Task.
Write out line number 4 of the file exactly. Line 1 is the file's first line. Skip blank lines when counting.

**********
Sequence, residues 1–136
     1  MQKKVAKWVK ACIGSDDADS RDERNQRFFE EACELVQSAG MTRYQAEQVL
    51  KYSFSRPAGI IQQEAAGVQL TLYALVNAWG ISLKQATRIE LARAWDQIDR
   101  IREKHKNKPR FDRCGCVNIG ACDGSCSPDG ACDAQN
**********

   101  IREKHKNKPR FDRCGCVNIG ACDGSCSPDG ACDAQN